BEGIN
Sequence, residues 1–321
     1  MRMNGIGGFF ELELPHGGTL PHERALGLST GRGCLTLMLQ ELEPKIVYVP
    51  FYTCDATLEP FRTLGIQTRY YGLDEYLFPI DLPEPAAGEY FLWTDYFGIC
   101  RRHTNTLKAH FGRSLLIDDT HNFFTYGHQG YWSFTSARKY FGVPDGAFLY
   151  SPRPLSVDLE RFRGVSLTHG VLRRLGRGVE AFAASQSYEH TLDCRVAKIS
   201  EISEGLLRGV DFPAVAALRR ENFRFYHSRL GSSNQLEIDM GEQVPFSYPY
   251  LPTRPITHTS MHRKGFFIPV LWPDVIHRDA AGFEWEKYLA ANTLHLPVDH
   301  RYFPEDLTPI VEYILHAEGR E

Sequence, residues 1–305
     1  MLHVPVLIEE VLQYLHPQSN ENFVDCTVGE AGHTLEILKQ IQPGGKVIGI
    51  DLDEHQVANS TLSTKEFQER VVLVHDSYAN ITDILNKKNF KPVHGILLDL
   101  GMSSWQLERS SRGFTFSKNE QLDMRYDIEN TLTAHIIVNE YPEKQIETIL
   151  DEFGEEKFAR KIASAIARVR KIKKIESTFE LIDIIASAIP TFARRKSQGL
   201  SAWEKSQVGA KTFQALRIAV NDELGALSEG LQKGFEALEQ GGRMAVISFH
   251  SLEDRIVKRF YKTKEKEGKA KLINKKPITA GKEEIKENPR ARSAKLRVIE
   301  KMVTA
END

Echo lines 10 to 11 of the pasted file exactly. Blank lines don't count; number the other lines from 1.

     1  MLHVPVLIEE VLQYLHPQSN ENFVDCTVGE AGHTLEILKQ IQPGGKVIGI
    51  DLDEHQVANS TLSTKEFQER VVLVHDSYAN ITDILNKKNF KPVHGILLDL